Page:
Counselling Services and Mental Health Status of Nigerian University Students

Gbone Adunola Okunaiya, Comfort O Omovre

Abstract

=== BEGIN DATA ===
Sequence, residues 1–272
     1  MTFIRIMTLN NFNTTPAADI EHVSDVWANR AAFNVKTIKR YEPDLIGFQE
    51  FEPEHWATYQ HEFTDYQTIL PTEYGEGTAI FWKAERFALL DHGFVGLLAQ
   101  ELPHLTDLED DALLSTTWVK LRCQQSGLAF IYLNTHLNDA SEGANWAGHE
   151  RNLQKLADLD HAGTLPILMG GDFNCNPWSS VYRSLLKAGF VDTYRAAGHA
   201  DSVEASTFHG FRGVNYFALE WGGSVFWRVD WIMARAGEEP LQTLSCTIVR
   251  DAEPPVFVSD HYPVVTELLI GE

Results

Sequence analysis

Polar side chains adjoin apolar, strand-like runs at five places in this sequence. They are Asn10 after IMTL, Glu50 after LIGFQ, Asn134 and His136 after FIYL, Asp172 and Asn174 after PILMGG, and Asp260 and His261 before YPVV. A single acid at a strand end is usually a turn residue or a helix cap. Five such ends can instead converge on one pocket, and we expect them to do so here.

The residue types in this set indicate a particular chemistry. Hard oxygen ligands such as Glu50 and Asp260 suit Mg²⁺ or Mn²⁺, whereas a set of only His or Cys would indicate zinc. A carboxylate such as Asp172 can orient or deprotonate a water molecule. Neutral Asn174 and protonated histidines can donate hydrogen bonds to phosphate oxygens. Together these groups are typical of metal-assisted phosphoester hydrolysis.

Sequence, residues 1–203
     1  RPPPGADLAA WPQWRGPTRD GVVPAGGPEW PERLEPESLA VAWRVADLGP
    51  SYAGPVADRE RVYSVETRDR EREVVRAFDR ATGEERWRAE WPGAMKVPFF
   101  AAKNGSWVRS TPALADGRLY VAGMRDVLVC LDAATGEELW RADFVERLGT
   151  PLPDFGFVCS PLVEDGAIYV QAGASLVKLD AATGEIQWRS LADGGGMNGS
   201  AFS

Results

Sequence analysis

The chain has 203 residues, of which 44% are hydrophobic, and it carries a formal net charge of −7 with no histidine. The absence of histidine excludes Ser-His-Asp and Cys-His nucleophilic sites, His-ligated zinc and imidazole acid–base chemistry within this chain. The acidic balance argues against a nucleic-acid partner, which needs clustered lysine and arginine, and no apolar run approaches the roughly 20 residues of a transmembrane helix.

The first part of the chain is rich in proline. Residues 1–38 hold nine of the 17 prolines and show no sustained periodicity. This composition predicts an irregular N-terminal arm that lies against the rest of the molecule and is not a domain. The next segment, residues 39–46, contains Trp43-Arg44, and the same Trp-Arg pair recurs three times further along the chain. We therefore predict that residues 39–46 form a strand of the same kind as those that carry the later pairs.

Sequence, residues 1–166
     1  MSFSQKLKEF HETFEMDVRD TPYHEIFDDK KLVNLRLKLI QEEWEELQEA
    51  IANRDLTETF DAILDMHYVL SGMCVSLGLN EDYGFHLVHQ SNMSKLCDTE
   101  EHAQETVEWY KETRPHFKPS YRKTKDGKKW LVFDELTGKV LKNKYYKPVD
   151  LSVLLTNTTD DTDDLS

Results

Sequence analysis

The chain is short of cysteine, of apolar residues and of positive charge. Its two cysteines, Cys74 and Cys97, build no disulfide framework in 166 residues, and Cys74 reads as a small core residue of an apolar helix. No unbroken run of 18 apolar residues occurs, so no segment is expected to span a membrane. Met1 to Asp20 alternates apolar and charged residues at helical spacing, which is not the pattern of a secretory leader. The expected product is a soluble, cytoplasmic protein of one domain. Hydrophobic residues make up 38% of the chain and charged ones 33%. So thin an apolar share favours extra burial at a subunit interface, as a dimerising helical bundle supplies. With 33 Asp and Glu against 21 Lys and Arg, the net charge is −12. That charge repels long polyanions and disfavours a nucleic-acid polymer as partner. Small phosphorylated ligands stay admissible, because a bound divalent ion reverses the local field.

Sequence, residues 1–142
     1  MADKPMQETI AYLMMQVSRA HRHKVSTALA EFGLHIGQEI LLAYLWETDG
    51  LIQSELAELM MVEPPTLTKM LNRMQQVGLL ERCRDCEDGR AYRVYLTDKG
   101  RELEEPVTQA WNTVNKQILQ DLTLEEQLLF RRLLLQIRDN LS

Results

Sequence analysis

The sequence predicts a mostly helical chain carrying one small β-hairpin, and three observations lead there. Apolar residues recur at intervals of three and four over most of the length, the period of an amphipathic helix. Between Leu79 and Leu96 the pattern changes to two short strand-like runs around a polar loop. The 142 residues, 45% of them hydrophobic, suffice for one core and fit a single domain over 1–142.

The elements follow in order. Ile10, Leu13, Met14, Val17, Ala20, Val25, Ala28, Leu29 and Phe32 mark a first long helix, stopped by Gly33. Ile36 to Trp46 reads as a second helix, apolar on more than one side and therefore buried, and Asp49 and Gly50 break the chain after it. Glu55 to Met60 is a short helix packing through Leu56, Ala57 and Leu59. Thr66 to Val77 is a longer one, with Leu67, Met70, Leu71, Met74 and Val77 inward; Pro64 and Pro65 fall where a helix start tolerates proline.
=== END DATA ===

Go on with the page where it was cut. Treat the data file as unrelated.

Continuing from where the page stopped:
Attempts and incidences of suicide among undergraduates in Nigerian universities has become disturbingly high in recent times, inviting concerns about the mental health status of the students and the perception of roles of guidance and counselling (G&C) services institutions. This study assessed accessibility to G&C services and mental health status of Nigerian University students. A cross-sectional survey involving a random sample of 346 students, yielding a response rate of 91.5% was conducted. A self-developed structured questionnaire adapted from related studies was used for data collection. Data was summarized using descriptive statistics of frequencies, percentages and means. There was high awareness (86.1%), low utilization (28%) of G&C services and high mental health awareness (89.6%) among the respondents. 48.3% of the respondents were secretive about mental health status and 67.6% of them wouldn’t confide in a close-knit friend. 62.1% and 60.7% had ever felt depressed and hopelessness. The respondents considered academic work as strenuous (83.0%) and that bad grades had devastating impact (88.4%). Respondents affirmed that G&C would help reduce mental illnesses (93.4%) and improve academic performance (69.9%). Nigerian undergraduates has high awareness but low utilization of G&C services. Despite their high mental awareness rate, they also have high risk of mental health problems, of which academic stressors may be a contributor. Majority of the students believe that G&C services may mediate mental illness and improve academic performance. It is recommended that Universities should reposition G&C services in their institutions to help mitigate the spate of mental illness and suicide among students.

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